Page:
But of course, the one thing that does seem to set the wooden knight aflame is attacking the Labour Left and in particular Jeremy Corbyn, now expelled from the Parliamentary Party (though readmitted to wider party membership by the National Executive Committee). In spite of campaigning for the leadership election on a promise of keeping the socialist, transformational policies of the Corbyn era, he and his Shadow Cabinet have now backed away from tax reform, from ending student fees and have even signalled a move away from the radical Green New Deal. Once the pandemic crisis is over, it seems only a matter of time before his Shadow Chancellor Annaliese Dodds will be out-austeritying the Tories on balancing the budget after the months of furloughing employees (a policy adopted by Sunak and Johnson after their one and only meeting with Jeremy Corbyn and John McDonnell in the early stages of the crisis).

So as he waves his flag and patronises veterans in his best pinstripe, Starmer seems unlikely to see the truths staring him in his seemongly ever-startled face: that when Labour previously embraced this Tory-lite strategy under Tony Blair, it was in the backwash of the collapse of the USSR and the "end of history", where voters were however uncertainly willing to accept neoliberalism and the benign guidance of the liberal "Political Class" in return for some meagre share of the Dream. 

But we are twenty years on now and Cool Britannia is buried under thick icy sheets of  personal debt, broken promises and shattered lives. The Tories have successfully played the new landscape by setting neighbours against neighbours and sharpening conflict everywhere. Even their ludicrous, vicious predatory purchase at above-the-odds prices of over seven times the quantity of covid vaccines needed to innoculate all of the UK has been driven by an attempt to stymmie other countries' efforts to vaccinate and save the lives of their citizens.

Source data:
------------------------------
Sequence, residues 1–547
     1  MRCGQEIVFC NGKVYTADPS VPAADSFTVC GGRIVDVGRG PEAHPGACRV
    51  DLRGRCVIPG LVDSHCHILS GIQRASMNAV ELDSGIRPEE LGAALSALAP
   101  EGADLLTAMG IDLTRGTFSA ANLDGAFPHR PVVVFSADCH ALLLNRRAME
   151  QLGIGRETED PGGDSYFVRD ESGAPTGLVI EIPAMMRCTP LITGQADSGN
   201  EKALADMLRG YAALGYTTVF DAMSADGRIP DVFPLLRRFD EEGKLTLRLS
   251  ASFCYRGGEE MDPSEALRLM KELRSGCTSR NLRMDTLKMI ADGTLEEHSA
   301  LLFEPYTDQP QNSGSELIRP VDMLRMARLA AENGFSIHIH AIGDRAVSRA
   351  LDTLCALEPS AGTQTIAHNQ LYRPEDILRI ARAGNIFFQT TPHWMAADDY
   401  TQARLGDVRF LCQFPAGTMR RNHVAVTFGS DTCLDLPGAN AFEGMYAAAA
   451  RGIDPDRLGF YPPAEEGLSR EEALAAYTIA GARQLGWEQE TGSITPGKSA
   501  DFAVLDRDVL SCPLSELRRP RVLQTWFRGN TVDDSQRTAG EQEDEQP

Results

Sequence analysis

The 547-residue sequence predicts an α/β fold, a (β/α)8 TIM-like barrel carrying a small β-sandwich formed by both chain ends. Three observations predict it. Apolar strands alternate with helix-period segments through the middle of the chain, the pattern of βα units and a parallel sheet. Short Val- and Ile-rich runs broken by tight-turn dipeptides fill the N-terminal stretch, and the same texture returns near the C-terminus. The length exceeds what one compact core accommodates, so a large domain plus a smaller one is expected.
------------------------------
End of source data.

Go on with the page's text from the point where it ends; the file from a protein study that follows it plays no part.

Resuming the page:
Yet from Starmer, there is nothing. Some level of complaint that some things haven't been done well enough, or soon enough; or a bizarre notion that he can bring down Boris by pointing out some time or other that the PM muddled his figures - when anyone knows he can't even count his children properly but his voters don't care.

Just as Biden needs Bernie Sanders, AOC and others in the USA to drive him hard if the grievances that Trump leeched off are ever to be resolved, so here we need more than a Man in a Suit - especially this particular man (after all, even Corbyn managed to wear a suit with "for the many, not the few" pinstripes during the last General Election). Voters will not be won back by some well-scrubbed liberal with excess hair gel oozing his support for the incumbent. Rather, they want the transformational politics skewered in December 2019 by the vitriol of the billionaire press, the bias of the BBC and the rampage against their own party by the Labour Right - quietly among them, perhaps, Starmer himself with the more than obviously suicidal strategy of his insistence on Corbyn backing a second Brexit referendum.

Like the rest of the world, we are at a historic crossroads. The death and devastation of the pandemic demand something better than the "business-as-yesterday" Blairite revanchists. We do well to remember that the last time Labour lauded veterans in this way, it ended with scores of sons and daughters of some of the poorest communities in the UK lying dead or maimed in Iraqi deserts or on Afghan hills. True love of country, or of community, involves challenging its wrongs and making it into something better. It isn't about the flim-flam of waving flags and putting on a tie.

Above all, it isn't about being another Tory Party. We've already got one. And that's already more than enough.